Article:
McLean: There's enough source material that we'll plan on seven seasons.

Rauer: We're not working terribly hard to invent new stuff. You get in a situation where if you have three or four novels written that the series can exceed the scope of the written canon. I don't think we face that challenge with 30 plus books in the series.

And they would not overlap with the movies that already exist?

McLean: There are already two movies and our plan includes not going back. We are not planning on remaking anything. So books one and three, which were the basis of the first two movies, we won't be using for the television series.

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There hasn't been an American comic book of Vampire Hunter D. There's been manga and the novels have illustrations, but why do you think that is?

McLean: It has to do with the fact that in Japan, you're not going to find a 24-page comic book. The American-style comic book just does not exist there. Because of that, if something's not something you find in your home market, you're probably not really looking for a lot. It's unfamiliar to you.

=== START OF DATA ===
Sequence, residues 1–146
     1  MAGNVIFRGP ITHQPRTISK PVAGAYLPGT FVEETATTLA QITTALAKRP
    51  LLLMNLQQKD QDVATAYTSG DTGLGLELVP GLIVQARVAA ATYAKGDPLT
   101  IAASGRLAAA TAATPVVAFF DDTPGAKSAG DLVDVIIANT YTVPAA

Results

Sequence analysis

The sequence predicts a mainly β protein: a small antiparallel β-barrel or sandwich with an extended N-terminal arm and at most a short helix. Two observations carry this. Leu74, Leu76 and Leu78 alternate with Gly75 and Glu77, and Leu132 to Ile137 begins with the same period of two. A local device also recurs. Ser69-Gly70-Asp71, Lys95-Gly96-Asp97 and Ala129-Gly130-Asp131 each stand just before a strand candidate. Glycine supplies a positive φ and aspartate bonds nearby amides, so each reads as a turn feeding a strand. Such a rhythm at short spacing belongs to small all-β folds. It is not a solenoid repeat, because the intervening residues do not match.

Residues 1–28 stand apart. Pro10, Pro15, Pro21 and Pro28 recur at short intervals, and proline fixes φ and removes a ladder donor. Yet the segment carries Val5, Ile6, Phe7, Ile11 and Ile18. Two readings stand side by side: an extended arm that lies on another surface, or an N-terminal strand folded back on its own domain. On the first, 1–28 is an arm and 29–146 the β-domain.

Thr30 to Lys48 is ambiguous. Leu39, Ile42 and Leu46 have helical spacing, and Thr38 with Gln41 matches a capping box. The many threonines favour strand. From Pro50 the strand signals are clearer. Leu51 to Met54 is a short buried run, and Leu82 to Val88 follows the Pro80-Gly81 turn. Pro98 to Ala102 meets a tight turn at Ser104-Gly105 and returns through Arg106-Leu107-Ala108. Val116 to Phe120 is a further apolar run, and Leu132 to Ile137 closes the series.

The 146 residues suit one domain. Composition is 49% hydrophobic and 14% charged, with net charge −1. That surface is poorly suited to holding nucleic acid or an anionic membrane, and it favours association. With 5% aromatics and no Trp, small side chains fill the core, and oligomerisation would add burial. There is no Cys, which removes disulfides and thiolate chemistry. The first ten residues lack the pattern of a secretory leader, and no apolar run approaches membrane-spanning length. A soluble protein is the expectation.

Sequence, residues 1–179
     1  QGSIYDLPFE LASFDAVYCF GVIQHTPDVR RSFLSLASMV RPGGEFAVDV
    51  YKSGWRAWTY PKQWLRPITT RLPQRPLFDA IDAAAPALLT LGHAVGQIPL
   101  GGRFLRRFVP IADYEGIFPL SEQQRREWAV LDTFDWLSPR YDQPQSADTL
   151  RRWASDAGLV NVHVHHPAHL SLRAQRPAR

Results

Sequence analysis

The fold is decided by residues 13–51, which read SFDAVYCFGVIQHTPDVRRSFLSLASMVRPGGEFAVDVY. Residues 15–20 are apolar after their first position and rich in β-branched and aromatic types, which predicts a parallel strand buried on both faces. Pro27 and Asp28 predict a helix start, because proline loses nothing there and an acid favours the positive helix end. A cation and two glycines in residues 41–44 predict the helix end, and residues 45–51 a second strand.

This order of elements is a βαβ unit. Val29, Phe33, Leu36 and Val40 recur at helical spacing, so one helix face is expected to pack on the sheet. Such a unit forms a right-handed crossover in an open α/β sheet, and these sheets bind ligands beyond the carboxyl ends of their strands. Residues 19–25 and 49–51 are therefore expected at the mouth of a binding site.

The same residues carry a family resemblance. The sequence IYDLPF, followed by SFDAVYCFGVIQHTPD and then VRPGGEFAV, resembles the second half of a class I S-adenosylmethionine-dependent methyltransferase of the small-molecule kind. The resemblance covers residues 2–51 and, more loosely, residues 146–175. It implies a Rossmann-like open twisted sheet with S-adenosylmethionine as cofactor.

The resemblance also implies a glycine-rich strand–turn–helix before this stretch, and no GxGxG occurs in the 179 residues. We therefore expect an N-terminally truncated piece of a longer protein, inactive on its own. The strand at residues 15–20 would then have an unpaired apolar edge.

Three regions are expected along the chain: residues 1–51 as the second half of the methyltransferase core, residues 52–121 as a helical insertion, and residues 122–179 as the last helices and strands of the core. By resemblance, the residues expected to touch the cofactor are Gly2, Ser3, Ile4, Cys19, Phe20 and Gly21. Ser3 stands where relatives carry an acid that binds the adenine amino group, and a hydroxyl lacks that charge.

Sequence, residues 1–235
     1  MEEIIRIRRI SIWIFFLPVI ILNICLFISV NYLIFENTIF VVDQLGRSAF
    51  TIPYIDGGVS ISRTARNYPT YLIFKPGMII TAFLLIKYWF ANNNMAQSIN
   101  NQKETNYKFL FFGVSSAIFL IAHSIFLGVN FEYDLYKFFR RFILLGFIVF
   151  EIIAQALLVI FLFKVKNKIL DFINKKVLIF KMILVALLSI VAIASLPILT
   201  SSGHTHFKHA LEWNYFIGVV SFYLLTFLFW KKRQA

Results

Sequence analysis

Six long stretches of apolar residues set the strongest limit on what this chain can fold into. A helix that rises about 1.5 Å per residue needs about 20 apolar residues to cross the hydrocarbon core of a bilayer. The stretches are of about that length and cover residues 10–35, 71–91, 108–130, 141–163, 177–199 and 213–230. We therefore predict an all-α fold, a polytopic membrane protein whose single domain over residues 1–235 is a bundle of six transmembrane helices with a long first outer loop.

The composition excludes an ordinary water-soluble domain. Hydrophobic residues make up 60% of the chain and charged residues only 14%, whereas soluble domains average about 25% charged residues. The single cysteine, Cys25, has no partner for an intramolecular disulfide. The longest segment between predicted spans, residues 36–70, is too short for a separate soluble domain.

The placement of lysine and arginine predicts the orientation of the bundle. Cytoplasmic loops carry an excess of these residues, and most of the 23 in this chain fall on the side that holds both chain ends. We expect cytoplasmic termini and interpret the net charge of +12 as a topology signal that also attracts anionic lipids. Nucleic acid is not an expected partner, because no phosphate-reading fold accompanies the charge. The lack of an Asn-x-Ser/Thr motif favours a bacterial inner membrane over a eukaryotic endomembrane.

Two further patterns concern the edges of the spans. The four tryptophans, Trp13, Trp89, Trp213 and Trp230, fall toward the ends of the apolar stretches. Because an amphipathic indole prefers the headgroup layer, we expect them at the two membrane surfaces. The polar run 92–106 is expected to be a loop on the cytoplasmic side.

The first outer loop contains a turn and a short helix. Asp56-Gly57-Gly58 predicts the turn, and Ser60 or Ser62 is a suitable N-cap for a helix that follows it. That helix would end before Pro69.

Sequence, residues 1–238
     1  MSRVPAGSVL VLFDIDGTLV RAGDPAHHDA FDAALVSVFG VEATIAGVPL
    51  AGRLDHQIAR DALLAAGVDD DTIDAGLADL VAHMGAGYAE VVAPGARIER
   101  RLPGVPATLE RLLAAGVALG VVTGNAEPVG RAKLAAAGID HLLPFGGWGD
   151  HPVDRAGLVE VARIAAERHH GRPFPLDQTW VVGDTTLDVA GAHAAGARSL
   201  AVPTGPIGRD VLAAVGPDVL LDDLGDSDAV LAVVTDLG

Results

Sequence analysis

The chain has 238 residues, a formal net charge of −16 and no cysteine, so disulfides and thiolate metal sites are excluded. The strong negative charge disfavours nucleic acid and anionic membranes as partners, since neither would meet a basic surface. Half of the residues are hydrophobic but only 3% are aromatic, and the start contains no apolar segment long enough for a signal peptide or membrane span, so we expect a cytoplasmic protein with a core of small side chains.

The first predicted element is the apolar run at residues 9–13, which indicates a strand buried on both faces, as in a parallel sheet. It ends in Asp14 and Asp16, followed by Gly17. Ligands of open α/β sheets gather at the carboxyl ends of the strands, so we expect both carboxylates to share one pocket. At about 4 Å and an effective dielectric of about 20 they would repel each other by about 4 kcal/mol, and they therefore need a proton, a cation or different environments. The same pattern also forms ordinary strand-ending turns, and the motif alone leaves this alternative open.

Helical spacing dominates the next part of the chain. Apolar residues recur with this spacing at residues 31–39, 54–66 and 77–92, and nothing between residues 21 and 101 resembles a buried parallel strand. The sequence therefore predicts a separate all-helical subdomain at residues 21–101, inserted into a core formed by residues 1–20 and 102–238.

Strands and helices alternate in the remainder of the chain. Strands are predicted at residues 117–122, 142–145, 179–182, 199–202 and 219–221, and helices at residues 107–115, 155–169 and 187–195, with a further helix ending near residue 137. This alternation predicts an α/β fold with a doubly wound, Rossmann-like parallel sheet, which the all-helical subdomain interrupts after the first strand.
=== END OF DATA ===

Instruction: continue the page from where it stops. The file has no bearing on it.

Rauer: You don't understand it the same way as an organic homegrown product. I think the real answer is that Mr. Kikuchi, the creator and current rights holder who has done a rights deal with us and digital frontier collectively, has needed some form of comfort. How do you create something that's truly international that takes a foreign IP and works closely with that foreign set of tastes and aesthetic and binds it in such a way that the U.S. market can access it?

So we started almost 20 months ago now talking with the Japanese, Digital Frontier, and we began building this relationship. Over that more than year and a half, we built up a certain level of trust where we are able to now say to them we believe that this is a great marketplace for Vampire Hunter D. So have that organic conversation with Mr. Kikuchi and Mr. Matsuoka, his agent, and explain to them that we feel there is a market in the United States for this. Give them that comfort that we have established with you and pass that on to the rights holder. That's what they've done. So it's really been this relationship building and the mutual trust in the art form that we've been able to establish over the last year and a half that's allowed us to put forward the idea of creating a comic and then be successful at putting that idea to Mr. Kikuchi and get his approval for this, and then get to create that comic book.